A recent incident at one of our locals led the Safety Committee to review certain employer practices. After benchmarking best practices, policies and procedures to help safeguard members with Subject Matter Experts (SMEs) from around the country, we discovered there were a number of OSHA standards and industry practices that were not being followed by the utility.
Meters spinning vs. safety
In the company’s desire to keep meters running to make money, we found our members were not being supervised correctly. They were being pushed to get jobs done quickly, rather than taking the time to do them safely.
UWUA safety representatives got involved in the Occupational Safety and Health Administration (OSHA) investigation and helped educate the inspector about our work and industry safety practices.
Most OSHA inspectors do not know the utility business. As a result, they rely on the company for information, which more times than not, blames workers for safety violations. The company may tell them, “We do everything right,” and, “This was a willful act by an employee out there being a cowboy, breaking the rules.” That may, or may not, be true. Our safety representatives hold everyone accountable.
Benchmarking procedures and safety
By working with the UWUA safety committee, employers can benchmark with other utility companies on work procedures and safety standards. Our safety representatives at the local, regional and national levels are networked to share their experiences and best practices nationally.
When there is an incident, one of the benefits of the National Safety Committee is to review the incident to see why it happened, make corrections wherever necessary, relay the information back to the local, and then share that information nationally to give everybody a better awareness of where safety gaps might exist.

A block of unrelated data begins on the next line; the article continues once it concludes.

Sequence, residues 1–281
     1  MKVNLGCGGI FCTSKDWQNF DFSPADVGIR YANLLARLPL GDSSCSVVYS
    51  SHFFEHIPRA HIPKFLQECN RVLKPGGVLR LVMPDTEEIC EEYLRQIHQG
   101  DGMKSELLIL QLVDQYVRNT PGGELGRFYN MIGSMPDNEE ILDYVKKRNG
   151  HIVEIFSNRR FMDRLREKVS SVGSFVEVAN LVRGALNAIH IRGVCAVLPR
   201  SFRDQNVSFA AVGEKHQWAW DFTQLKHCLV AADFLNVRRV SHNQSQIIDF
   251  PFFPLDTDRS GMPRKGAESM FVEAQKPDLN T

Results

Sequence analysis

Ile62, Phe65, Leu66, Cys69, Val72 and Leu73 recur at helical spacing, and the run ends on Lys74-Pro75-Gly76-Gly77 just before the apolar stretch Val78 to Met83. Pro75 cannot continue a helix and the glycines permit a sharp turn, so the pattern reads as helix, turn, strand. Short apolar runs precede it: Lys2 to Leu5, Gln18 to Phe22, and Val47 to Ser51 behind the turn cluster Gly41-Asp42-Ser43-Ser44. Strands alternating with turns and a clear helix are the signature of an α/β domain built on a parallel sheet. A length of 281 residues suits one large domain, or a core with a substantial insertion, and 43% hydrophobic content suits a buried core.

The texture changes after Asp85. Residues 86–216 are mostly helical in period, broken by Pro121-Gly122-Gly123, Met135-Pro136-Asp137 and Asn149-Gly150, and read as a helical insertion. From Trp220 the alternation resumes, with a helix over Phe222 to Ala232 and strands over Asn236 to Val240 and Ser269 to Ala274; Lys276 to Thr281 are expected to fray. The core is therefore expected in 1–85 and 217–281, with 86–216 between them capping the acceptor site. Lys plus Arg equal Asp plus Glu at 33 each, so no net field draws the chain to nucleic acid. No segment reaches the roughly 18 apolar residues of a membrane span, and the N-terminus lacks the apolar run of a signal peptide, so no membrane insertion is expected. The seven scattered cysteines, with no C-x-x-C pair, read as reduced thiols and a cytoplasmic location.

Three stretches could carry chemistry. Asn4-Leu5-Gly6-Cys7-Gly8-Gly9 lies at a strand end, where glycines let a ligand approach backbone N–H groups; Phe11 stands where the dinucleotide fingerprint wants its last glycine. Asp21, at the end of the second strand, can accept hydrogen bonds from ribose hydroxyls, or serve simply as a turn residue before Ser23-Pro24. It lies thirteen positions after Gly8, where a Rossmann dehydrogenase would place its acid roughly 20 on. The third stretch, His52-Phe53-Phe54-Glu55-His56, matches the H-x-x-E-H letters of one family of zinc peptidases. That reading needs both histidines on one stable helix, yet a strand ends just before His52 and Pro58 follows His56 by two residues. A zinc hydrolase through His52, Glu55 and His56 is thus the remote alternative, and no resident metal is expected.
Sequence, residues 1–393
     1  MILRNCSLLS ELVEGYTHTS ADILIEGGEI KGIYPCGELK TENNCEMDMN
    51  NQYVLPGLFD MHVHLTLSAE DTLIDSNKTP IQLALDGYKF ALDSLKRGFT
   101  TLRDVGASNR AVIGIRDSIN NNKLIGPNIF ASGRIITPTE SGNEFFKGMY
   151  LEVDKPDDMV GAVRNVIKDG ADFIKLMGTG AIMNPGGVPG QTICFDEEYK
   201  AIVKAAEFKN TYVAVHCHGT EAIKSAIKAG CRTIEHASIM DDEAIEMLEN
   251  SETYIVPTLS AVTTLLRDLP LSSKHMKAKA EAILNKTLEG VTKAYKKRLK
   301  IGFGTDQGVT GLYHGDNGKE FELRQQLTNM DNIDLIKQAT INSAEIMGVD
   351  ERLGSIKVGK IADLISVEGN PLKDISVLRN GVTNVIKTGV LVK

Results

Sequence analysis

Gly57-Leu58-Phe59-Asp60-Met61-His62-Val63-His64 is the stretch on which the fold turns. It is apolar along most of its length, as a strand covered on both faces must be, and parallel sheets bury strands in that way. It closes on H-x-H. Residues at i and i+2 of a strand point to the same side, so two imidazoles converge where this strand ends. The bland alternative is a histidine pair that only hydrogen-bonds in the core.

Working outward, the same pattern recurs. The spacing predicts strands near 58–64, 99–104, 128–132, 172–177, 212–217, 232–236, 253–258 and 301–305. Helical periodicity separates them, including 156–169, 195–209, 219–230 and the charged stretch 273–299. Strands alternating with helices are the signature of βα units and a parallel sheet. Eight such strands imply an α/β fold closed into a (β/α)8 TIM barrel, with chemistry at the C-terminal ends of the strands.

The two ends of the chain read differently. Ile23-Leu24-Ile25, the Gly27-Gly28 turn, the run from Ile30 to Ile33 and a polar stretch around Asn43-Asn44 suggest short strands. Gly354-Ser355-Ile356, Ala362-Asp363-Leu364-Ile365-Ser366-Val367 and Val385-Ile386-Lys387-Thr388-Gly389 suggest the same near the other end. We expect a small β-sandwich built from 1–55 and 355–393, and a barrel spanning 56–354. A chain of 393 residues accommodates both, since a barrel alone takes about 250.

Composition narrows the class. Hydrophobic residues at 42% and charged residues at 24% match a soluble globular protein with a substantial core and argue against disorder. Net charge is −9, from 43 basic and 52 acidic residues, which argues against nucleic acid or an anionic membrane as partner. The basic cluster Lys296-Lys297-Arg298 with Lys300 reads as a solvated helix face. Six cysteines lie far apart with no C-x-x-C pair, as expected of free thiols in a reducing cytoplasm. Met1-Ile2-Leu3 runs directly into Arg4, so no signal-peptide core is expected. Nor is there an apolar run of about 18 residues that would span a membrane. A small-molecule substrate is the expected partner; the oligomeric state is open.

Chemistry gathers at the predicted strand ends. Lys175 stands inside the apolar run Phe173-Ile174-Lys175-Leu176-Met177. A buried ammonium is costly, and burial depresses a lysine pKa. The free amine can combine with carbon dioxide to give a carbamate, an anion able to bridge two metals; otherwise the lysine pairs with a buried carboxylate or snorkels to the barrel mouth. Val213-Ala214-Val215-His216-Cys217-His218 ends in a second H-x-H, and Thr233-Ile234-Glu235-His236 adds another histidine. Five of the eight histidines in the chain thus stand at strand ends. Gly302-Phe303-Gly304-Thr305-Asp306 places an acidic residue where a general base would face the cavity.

One of the things we encourage our local safety committees to do is review their company’s policies and procedures and compare them to OSHA standards to see if the employer is in compliance with them.
Through this process, we have discovered gaps and flaws in company safety systems. We then utilize our local committees to address these flaws and gaps and make changes to bring them into compliance with OSHA standards and align them with industry standards.
A common denominator in most of the incidents we have investigated as a committee is the lack of proper job briefings. Job briefings are required by OSHA to ensure workers review the work assignment and talk about the hazards of the job.
If the company sees a job briefing is filled out on paper or on the computer, that’s all they want to see. This can lead to “penciling in” and sometimes complacency. Our union safety representatives focus on properly training members on how to correctly conduct a job briefing.
Don’t just fill out a piece of paper. Walk the job, look for the hazards, discuss what the hazards are and how to mitigate them.
Five parts of job briefing
Before each job begins, five things have to be covered in a job briefing.*
In assigning an employee or a group of employees to perform a job, the employer shall provide the employee in charge of the job with all available information that relates to the determination of existing characteristics and conditions of electric lines and equipment that are related to the safety of the work to be performed.
Before work on or near the lines or equipment is started, the employer shall ensure that the employee in charge conducts a job briefing. The briefing shall cover at least the following subjects: hazards associated with the job, work procedures involved, special precautions, energy-source controls, and personal and protective equipment requirements.
While prejob safety briefings are required in the power generation, transmission, and distribution industry and are foundational to achieving desired safety outcomes for employers regulated by this vertical standard, prejob safety briefings also have a critical safety application in other industries such as gas and water, as a best safety management practice.
The prejob safety briefing communicates specific risks to employees, ensuring that hazards are effectively recognized and controlled before the task begins. Any organization, regardless of industry, can benefit from adopting a prejob safety briefing process to measurably enhance worker safety engagement. When employees actively participate in the prejob safety briefing process, it’s more likely that everyone on the job site will go home safely.
*OSHA job briefing standards for electric power generation, transmission, and distribution (1910.269)